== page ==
Fox Hunting Etiquette

2022 LAPACC HUNTING ETIQUETTE – YES…it matters and it’s why we are out here!


• Hounds always have the right-of-way. When hounds are released, when packed up, or at a check, try to keep your horse’s head facing toward them so that you don’t accidentally step on them. Please wait for them to finish watering before you water your horse.

• Once the hounds have been cast, please refrain from talking in the field. The purpose of our day’s sport is to find our quarry and have a fantastic run. Even whispering can cause the hounds to lift their head and miss an opportunity.

• Please do not speak to a hound. It is never acceptable for a field member to give instruction to a hound. Only staff and the huntsman may speak to the hounds. Please make way for the hounds, but do not interfere with their movement in any way.

• When hounds move through the field, please acknowledge them to the field with “hounds please,” as you would for other hazards, such as a “ware” warning.


• Begin the day by finding the hunt secretary or a Master to get introductions and complete the necessary paperwork. The Check in is 10 am to 11 am ONLY. All LAPACC staff positions are voluntary and honorary, so we appreciate the efforts everyone takes to provide a fun day of good sport. If you have questions, a good resource is a member, especially one wearing colors.

• Always ride in a field and stay grouped together, facing and moving your horse in the same direction as the hunt.

• Please do not pass the field master. As a foxhunter, you are expected to control your horse. If that isn’t possible, you may be asked to go to the back of the field or be dismissed from the field.

• Please leave plenty of room between you and the other horses. If you can’t see the horse’s heels in front of you – you might be too close. We’re in the West! We have the luxury of wide-open spaces so you may ride parallel to, but behind the field master, providing you stay grouped together, and the path or trail is wide enough.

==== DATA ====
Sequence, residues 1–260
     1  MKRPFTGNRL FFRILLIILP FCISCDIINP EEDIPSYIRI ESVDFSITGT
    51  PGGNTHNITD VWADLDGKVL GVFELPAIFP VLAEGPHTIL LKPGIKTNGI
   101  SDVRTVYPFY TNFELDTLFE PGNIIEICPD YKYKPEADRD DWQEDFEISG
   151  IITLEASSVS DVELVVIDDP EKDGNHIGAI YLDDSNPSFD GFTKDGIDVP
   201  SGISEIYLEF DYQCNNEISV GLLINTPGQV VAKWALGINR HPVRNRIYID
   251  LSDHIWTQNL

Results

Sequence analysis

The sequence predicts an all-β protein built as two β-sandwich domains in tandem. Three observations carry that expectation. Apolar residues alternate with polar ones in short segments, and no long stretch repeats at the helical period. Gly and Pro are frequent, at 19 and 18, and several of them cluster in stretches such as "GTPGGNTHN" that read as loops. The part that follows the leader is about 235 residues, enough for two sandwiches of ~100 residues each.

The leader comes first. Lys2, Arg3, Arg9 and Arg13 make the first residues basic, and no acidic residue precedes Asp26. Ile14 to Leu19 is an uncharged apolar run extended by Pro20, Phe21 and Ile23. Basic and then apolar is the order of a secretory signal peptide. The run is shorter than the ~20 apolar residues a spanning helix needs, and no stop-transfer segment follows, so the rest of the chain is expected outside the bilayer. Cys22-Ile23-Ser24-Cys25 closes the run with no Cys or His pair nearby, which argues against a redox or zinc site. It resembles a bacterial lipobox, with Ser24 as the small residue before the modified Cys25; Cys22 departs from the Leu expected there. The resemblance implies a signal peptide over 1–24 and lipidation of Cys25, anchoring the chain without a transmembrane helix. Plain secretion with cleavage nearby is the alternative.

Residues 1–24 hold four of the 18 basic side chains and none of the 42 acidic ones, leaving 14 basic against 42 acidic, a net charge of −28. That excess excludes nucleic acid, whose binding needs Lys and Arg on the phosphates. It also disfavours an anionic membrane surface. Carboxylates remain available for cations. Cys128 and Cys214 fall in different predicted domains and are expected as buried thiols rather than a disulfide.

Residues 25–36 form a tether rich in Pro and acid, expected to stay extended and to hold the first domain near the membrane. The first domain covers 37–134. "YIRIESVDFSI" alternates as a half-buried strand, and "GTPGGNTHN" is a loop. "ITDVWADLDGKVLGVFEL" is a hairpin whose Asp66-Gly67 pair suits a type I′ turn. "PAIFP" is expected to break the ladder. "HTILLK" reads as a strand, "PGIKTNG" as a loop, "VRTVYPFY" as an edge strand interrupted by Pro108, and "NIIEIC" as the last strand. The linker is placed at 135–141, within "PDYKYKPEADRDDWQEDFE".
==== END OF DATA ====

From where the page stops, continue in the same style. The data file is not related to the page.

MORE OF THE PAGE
• When crossing steep canyons, descend at a walk, stay single file, face straight downhill (not sideways – so if the horse slips, he will land on his rump, not your leg), and wait at the bottom for the person behind you before proceeding uphill, which should be ascended at a walk. Do not lunge up hills. (This is good practice, even when it’s icy, as it prevents the horse behind you from running downhill to catch up.)

• Please be courteous to other riders and especially conscious of young/green riders and horses.

• If your horse kicks, place a red ribbon in your horse’s tail and ride in the very back position of the field.

• LAPACC currently has no required jumping while hunting. Elsewhere, if you are not prepared to jump every coop or if your horse tends to refuse, please refrain from riding in first field. The field master’s job is to ride to the hounds and cannot stop to assist, nor is it fair for other members to stop and assist repeatedly. Second field may be a better choice, given that all jumps are optional.

• When queuing up for a jump, please leave at least four horse lengths between you and the next horse. Following too closely is dangerous. If your horse refuses a jump, go to the back of the line and try again – do not continue to school your horse at the coop and do not prevent others from taking the jump and following the hunt.

• Should you see an individual who needs assistance, please offer your help. It is always our goal to extend a helping hand and help everyone to enjoy great sport. We never leave a person out alone while hunting in Middle Lion.

• If you must leave the hunt, please ask permission of the field master, and find someone to ride back to the meet with you. Please stay in your field and should you wish to ride in a different field, ask permission before doing so.

• Juniors are allowed to ride to the front of the field if their ability and mount are appropriate.

• You may not ride with a whipper-in or huntsman unless given advance permission. If you do, please make sure you ride behind them, give them room, and ride on the opposite side of the hounds – so they can be closest to the hounds. Lastly, please refrain from talking. Often, they are listening for hounds.

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